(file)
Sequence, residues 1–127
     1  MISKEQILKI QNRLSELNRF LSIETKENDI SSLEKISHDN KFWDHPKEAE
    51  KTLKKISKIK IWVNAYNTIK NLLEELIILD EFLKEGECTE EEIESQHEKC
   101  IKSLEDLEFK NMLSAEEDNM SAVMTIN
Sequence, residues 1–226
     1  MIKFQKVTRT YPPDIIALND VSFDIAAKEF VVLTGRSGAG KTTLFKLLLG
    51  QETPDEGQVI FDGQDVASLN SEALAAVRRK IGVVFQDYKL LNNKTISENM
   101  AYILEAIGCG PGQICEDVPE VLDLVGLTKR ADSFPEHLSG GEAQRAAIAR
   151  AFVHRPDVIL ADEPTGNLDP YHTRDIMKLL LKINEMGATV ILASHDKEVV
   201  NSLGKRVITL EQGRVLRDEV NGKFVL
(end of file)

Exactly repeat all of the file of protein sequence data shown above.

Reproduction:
Sequence, residues 1–127
     1  MISKEQILKI QNRLSELNRF LSIETKENDI SSLEKISHDN KFWDHPKEAE
    51  KTLKKISKIK IWVNAYNTIK NLLEELIILD EFLKEGECTE EEIESQHEKC
   101  IKSLEDLEFK NMLSAEEDNM SAVMTIN
Sequence, residues 1–226
     1  MIKFQKVTRT YPPDIIALND VSFDIAAKEF VVLTGRSGAG KTTLFKLLLG
    51  QETPDEGQVI FDGQDVASLN SEALAAVRRK IGVVFQDYKL LNNKTISENM
   101  AYILEAIGCG PGQICEDVPE VLDLVGLTKR ADSFPEHLSG GEAQRAAIAR
   151  AFVHRPDVIL ADEPTGNLDP YHTRDIMKLL LKINEMGATV ILASHDKEVV
   201  NSLGKRVITL EQGRVLRDEV NGKFVL